Amr Shahat

Amr Shahat
University of California, Los Angeles | UCLA · Cotsen Institute of Archaeology (IOA)


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Citations since 2017
6 Research Items
2 Citations


Publications (6)
Full-text available
The interdisciplinary analysis of Archaeobotanical materials from Ancient Egypt contributes to advances in humanities and life sciences. This dissertation discusses how botanical remains from different sites such as Nag ed Deir and Deir el Ballas broaden our knowledge of ancient Egyptian social structure, regional cultural variation and cross-cultu...
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The reuse of the Ramesses VI to Ramesses IV inscriptions and cartouches in the Karnak hypostyle Hall in Karnak and Luxor temple have a systematic pattern. Only the cartouches facing the processional way were the ones recarved and reused. Other cartouches of Ramesses IV were skipped. Recent restoration in Luxor temple have removed the plasters that...
Full-text available
This contribution presents results of an archaeobotanical study of food remains found by the Hearst Expedition's excavations (1900-1901) at the site of Deir el-Ballas, Upper Egypt, currently held at the Phoebe A. Hearst Museum of Anthropology (PAHMA), University of California Berkeley. The plant remains were discovered in a non-elite cemetery, Ceme...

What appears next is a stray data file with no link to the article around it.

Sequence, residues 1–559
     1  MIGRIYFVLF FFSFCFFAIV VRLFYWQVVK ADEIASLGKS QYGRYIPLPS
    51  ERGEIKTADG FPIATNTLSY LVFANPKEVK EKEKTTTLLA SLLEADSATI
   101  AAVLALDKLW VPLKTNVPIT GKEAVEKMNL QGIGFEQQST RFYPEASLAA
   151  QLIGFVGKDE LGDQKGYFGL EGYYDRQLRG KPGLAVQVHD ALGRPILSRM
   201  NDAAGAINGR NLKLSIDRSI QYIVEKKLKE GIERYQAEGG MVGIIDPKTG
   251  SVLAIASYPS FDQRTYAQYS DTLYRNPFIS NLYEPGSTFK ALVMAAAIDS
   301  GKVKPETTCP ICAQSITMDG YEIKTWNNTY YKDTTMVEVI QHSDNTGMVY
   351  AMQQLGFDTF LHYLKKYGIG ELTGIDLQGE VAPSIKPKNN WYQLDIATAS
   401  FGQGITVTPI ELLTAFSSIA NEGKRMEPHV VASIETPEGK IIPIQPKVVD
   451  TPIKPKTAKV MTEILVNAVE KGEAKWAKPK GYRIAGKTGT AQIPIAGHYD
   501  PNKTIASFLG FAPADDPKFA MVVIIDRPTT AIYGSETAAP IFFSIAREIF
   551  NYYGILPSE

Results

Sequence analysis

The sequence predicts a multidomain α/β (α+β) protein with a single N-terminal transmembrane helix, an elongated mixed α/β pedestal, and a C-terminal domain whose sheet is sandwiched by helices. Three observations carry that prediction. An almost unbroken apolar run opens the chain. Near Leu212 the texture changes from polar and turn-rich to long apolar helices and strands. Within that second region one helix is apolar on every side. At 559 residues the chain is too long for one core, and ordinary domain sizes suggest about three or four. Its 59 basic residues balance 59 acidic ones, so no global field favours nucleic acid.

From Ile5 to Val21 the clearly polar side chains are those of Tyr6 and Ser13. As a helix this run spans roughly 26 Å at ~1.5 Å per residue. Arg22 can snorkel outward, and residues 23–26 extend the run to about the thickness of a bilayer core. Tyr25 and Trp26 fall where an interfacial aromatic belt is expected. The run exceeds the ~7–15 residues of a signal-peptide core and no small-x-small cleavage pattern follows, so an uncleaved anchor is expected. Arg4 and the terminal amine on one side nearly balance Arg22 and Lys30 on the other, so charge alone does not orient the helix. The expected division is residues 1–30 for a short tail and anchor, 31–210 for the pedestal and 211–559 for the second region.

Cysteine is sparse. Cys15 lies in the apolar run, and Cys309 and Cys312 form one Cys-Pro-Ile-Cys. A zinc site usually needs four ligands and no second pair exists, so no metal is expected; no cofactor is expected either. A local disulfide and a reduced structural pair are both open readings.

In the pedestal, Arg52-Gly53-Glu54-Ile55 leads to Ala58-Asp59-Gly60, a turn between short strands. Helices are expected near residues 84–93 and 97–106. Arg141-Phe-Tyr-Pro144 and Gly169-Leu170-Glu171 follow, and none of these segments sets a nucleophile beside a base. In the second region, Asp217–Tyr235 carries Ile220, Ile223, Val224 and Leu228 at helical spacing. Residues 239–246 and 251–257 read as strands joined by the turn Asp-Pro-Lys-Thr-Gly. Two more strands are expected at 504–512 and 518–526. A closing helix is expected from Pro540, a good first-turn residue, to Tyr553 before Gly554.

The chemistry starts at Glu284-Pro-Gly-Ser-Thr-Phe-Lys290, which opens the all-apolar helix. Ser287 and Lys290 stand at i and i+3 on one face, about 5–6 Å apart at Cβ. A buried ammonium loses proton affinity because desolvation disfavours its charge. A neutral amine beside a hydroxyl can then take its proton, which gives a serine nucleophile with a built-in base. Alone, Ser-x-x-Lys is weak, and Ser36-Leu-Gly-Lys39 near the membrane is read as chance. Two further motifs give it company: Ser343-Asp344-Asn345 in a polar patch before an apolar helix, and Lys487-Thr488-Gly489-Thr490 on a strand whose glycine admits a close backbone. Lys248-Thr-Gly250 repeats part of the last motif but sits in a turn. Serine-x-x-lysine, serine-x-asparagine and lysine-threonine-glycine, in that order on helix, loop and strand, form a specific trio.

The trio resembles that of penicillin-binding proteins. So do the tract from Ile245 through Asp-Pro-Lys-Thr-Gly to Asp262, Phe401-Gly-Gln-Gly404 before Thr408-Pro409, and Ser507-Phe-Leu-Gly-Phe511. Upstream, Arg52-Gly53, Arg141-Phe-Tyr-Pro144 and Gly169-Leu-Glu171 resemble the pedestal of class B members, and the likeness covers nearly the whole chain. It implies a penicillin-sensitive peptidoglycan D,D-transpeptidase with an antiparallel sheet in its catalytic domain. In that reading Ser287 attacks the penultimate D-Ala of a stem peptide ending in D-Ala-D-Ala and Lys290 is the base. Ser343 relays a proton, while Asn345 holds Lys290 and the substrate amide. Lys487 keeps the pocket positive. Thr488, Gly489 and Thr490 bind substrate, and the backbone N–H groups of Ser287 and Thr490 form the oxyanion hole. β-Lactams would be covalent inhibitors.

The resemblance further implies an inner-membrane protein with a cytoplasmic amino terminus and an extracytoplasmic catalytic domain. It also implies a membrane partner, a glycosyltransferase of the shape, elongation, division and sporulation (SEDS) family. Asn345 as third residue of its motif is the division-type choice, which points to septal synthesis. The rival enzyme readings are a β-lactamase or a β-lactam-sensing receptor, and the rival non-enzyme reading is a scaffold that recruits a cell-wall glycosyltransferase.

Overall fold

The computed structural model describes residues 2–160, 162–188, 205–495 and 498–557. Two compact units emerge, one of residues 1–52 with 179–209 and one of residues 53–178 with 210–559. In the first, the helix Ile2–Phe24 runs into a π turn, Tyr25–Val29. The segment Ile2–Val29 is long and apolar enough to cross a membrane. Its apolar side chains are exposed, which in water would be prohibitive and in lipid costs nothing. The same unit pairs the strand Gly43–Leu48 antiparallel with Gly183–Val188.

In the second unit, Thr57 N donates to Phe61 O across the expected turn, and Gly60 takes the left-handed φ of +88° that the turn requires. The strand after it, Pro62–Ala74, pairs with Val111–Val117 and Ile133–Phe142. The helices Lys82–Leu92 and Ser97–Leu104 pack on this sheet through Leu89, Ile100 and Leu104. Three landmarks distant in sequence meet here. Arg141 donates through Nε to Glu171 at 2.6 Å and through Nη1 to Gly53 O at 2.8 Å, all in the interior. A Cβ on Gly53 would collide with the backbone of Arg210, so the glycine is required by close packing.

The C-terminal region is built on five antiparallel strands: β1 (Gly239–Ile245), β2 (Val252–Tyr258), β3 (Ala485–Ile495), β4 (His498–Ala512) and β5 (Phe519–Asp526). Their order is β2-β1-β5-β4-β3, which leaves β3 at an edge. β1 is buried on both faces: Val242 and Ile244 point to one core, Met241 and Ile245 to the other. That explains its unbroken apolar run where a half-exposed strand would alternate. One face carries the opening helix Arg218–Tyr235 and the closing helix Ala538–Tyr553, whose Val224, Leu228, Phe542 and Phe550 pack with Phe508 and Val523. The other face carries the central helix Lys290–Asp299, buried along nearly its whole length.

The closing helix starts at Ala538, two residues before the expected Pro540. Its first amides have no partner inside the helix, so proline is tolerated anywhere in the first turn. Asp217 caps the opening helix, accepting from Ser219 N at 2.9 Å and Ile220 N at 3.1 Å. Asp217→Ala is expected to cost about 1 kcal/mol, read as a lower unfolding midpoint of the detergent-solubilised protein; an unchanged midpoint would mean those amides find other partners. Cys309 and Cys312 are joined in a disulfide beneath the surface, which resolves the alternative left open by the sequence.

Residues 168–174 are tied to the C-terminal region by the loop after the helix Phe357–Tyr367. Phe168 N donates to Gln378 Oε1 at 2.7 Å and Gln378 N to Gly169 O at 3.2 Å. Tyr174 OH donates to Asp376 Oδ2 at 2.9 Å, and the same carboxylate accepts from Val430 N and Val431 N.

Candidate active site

Full-text available
The food offerings in the tomb of Kha and Merit in Egypt invite excitement and pose challenges to the methods and theory of archaeobotany. Most food offerings appeared to be fruits from the palm family (Areca- ceae), including dates (Phoenix dactylifera) with their skin preserved, and doum nuts (Hyphaene thebaica). Next to these, large quantities o...
Full-text available
This report presents an experiment in which four starch sampling methods are compared in order to identify the most successful and effective technique for starch extraction from large groundstone and milling features in the field. Testing archaeological specimens in situ is necessary when the artifact is too large or cumbersome to bring back to a l...


Question (1)
I have analyzed archaebotanical (ancient plant remains) of castor beans from ancient Egyptian tombs dated to over 5000 years BP. The castor beans were threaded and tied as a necklace and were found around the neck of a deceased buried in the tomb.
I appreciate any comments, feedbacks on the cultural history of uses of castor beans.
Best regards,


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